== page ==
The year is 1991. The Mayor of Vail, Kent Rose, tells me a story …
He remembers sitting in Bart & Yeti’s in 1973 and a guy named James Murfin comes into the bar. Do I know the name? “Sure”, I said, “he’s the scoundrel that built the Antlers.”
That’s right, he and his partner Alan Van Fleet had recently finished building the Antlers during the same four year period (1969-1973) that twenty other buildings in Lionshead had been constructed. And he was bragging that the two of them were smart enough to build it for far less than all those other developers. He claimed to have built the Antlers for $12 per square foot.
Twelve dollars a foot?!
Now keep in mind, Kent said, average building costs in those days were in the $25 – $30 a foot range, but $12 does seem a bit ridiculous.
“Well Kent”, I said, “I know that the Antlers HOA sued that crook for the fact that there really wasn’t a functioning roof on the building. He had reportedly awarded the roofing subcontract to himself and then hired several high school kids to slop some tar around up there and call it good. As the snow melted the very first Spring, the top floor units leaked like a sieve. Bud Benedict told me that you pretty much needed an umbrella to go inside any of the 7th floor condos.” The HOA had to pay to actually put a roof on the brand new building.
But that’s just the beginning … despite the building having seven floors, the elevator only had three landings. What?! Yep, it stopped at the entry level from the parking lot … between the second and third floors on 2½ … as well as on 4½ and 6½. EVERYWHERE the elevator stopped you had to go up or down a half flight of stairs to get to ANY condominium. Why? Because landings were expensive!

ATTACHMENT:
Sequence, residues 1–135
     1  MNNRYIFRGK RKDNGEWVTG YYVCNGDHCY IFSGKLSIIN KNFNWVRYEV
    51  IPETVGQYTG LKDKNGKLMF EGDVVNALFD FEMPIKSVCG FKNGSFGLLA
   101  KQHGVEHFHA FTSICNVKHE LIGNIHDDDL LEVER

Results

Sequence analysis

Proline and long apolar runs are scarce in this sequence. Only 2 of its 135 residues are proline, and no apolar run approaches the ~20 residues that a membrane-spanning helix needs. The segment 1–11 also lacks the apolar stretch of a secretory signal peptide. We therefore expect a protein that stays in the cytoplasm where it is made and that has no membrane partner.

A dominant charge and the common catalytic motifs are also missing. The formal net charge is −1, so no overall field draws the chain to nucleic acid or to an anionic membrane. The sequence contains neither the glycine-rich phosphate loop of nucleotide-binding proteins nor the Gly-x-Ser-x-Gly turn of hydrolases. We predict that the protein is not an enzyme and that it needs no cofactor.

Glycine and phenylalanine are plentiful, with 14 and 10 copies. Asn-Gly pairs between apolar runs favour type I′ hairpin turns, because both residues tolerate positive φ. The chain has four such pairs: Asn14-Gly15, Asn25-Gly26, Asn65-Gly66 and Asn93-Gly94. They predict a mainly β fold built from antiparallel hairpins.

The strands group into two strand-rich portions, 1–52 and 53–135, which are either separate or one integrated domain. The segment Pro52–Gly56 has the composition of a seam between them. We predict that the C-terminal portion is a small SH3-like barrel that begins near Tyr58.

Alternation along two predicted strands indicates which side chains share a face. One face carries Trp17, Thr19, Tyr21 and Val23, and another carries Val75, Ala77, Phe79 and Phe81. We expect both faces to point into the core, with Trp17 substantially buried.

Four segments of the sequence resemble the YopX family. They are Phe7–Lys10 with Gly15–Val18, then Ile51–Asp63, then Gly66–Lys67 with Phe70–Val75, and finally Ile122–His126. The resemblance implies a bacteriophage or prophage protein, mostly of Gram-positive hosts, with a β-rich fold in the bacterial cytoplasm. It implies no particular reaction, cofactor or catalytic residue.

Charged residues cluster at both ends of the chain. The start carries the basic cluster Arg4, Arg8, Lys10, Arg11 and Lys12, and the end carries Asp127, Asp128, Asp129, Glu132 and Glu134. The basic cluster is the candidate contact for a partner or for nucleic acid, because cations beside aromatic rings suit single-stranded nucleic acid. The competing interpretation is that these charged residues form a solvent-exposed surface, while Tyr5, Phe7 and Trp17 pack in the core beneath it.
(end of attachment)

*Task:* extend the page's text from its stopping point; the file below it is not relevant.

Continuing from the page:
As a sidebar, can you imagine the hassle of moving vacuum cleaners, cleaning supplies, luggage, furniture and everything else, when it always involved negotiating at least a half flight of stairs?
Next … water heaters … every condo in the building (even the large units) had one (1), twenty-gallon hot water heater! That’s barely enough for a shower. Immediately, the owners had to each pay to add a second hot water heater in their units.
Laundry room? A place for housekeepers and their supplies? A functional lobby? None of those things existed, despite the operation of the building as a condominium-hotel, with hundreds of guests staying in the 72 condos consistently throughout the winter. No, each of those would have added construction costs, and Murfin was having none of that. The list went on and on.
“So Kent,” I said, “I’m here to tell you that we’ve spent the last eighteen years (and as it turned out, the next twenty) fixing all the shortcuts that Murfin and Van Fleet took. So yes, $12 a foot is totally believable!”
By the way … that lawsuit the HOA filed in 1974 … they won a judgment for a couple hundred thousand dollars. But then they couldn’t find those guys. When they finally tracked them down, they were broke. Later, one of them offered to settle the debt with some “precious gems”. On behalf of the HOA, Bud had them appraised and they were worth $1,200. Swell. Needless to say, the Antlers never got paid.
On one positive note, the building was constructed totally with pre-cast concrete. That was true for the hideous parking structure as well as the condominium building itself. It was all the same. In 2000 we tore down that old parking structure as part of the redevelopment. The demolition company, which had worked on hundreds of other projects, told us it was one of the toughest, strongest structures they ever had to demolish. They called it “bomb-proof”. So despite $12 a foot, at least the “bones are good”.